Info bill review limited to 2 days

2013-10-05 07:27
(Dan Calderwood, News24)

(Dan Calderwood, News24)

Multimedia   ·   User Galleries   ·   News in Pictures Send us your pictures  ·  Send us your stories


Zuma sends info bill back to Parliament

2013-09-16 09:14

President Jacob Zuma has sent the Protection of State Information Bill back to the National Assembly over concern that two sections in the bill are unconstitutional. Watch.WATCH

Cape Town - MPs have been allocated only two days to review the protection of state information bill, suggesting limited scope for changes to the contentious official secrets legislation.

In a parliamentary programme sent out on Friday, the first meeting of the ad hoc committee appointed to review the bill has been scheduled for next Wednesday.

It is due to adopt its report the next day, 10 October. The report will then go to the National Assembly for consideration.

The so-called secrecy bill was approved by the Assembly in April amid warnings by lawyers that it was unconstitutional and threats by rights groups to take it on legal review.


Last month, President Jacob Zuma sent it back to Parliament for amendments instead of signing it into law, saying he believed it was unconstitutional and singling out two clauses as problematic.

But the wording of Zuma's brief to Parliament has prompted debate as to how wide a mandate to redraft he has given MPs, and hope among lobby groups that it would open at least a backdoor for substantive changes.

A fortnight ago Democratic Alliance parliamentary leader Lindiwe Mazibuko wrote to Zuma demanding he stipulate whether MPs were meant to confine their deliberations to sections 42 and 45.

She said this week she was still waiting for a reply and would take legal advice on compelling the president to provide clarity.

On Friday Mazibuko objected to the limited period set down for dealing with the bill, and said she believed any haste would be dangerous because the legislation remained flawed.

"The secrecy bill remains a highly controversial and contentious piece of legislation. It simply cannot be rushed through Parliament," she said.

"It would be highly embarrassing for the institution and for all MPs should it be found again to be unconstitutional."

Mazibuko said Parliament should postpone the meeting until clarity had been given by Zuma as to the precise terms of the review.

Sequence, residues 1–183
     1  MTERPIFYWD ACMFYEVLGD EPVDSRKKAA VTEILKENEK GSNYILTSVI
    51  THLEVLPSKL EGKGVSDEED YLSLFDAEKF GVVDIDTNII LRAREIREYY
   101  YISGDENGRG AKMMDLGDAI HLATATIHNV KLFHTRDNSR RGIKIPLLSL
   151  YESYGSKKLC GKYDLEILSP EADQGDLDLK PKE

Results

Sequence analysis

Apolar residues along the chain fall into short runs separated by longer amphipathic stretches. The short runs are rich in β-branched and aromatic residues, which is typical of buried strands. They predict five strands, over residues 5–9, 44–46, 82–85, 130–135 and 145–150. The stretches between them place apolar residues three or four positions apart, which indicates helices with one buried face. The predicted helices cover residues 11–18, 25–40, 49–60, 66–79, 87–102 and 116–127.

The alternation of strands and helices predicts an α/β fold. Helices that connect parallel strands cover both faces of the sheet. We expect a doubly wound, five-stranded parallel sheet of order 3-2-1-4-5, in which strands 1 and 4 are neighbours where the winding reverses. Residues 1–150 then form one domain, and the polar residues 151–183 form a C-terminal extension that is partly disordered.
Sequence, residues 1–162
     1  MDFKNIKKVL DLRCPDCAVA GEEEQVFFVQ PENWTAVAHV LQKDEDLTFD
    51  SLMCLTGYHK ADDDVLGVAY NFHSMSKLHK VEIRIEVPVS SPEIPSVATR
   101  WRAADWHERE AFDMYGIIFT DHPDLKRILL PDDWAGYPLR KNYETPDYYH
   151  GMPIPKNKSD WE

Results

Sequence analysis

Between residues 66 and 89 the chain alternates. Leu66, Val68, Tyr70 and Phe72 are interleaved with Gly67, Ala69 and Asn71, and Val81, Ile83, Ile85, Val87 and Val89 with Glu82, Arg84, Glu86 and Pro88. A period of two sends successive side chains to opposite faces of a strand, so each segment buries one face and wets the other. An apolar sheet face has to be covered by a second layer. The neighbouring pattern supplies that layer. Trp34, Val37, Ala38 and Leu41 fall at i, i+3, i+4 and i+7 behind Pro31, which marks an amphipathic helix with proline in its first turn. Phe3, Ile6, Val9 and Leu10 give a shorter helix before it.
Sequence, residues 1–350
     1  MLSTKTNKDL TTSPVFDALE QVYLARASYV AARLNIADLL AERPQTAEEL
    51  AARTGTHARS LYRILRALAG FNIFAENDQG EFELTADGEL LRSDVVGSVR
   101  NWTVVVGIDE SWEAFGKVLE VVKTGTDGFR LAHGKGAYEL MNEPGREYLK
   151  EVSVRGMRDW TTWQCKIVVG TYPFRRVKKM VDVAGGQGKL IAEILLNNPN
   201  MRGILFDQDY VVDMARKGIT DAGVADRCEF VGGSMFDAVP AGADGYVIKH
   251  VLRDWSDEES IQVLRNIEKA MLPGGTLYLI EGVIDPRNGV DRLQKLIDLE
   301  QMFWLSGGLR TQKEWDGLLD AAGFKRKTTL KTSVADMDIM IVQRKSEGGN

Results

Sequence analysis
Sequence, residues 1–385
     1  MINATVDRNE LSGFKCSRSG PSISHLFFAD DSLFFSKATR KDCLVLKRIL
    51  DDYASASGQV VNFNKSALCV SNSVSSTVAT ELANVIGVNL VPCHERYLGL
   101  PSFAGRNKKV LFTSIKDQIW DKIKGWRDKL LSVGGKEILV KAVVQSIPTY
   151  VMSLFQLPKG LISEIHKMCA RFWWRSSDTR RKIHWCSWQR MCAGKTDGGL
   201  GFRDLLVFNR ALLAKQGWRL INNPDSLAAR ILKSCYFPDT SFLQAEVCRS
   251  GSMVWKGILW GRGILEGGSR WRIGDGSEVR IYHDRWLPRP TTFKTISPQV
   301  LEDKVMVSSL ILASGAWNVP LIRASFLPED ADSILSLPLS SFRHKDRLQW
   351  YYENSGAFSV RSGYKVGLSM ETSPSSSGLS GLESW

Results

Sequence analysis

It would undermine this critical process to proceed with this meeting on the assumption that the referral was confined to sections 42 and 45 given how vague the president’s letter to Parliament was in this regard. The terms of the referral needed to be properly clarified before the committee could begin its work.

The presidency could not immediately be reached for comment.

Technical changes

If changes to the bill are confined to the two sections Zuma mentioned, they will prove to be of a technical nature.

The problem with one of these provisions was pointed out to Zuma by DA MP Dene Smuts and Steve Swart of the African Christian Democratic Party.

They argued that section 45 had been rendered meaningless, and in their view unconstitutional, by a punctuation error.

The section crucially seeks to criminalise wrongful classification of information, and was seen as a hard-won safeguard against the potential abuse of the legislation to cover up state wrongdoing. But the two opposition MPs argued that the omission of a full stop after a sub-clause meant no crime was created.

The bill's many opponents have made plain that they would not be satisfied with merely correcting this.

They say despite the ANC's staged retreat from the draft law's most regressive provisions during the drafting process it still raises the spectre of excessive state secrecy reminiscent of the apartheid era.

Read more on:    lindiwe mazibuko  |  jacob zuma  |  cape town  |  parliament 2013  |  info bill

Join the conversation! encourages commentary submitted via MyNews24. Contributions of 200 words or more will be considered for publication.

We reserve editorial discretion to decide what will be published.
Read our comments policy for guidelines on contributions.
NEXT ON NEWS24X publishes all comments posted on articles provided that they adhere to our Comments Policy. Should you wish to report a comment for editorial review, please do so by clicking the 'Report Comment' button to the right of each comment.

Comment on this story
Comments have been closed for this article.

Inside News24

Competition regulation for a growing and inclusive economy

ADVERTORIAL: The Competition Commission of South Africa is conducting advocacy work in the South African automotive aftermarket industry and has gazetted a Draft Code of Conduct for public comment.

Traffic Alerts
There are new stories on the homepage. Click here to see them.


Create Profile

Creating your profile will enable you to submit photos and stories to get published on News24.

Please provide a username for your profile page:

This username must be unique, cannot be edited and will be used in the URL to your profile page across the entire network.


Location Settings

News24 allows you to edit the display of certain components based on a location. If you wish to personalise the page based on your preferences, please select a location for each component and click "Submit" in order for the changes to take affect.

Facebook Sign-In

Hi News addict,

Join the News24 Community to be involved in breaking the news.

Log in with Facebook to comment and personalise news, weather and listings.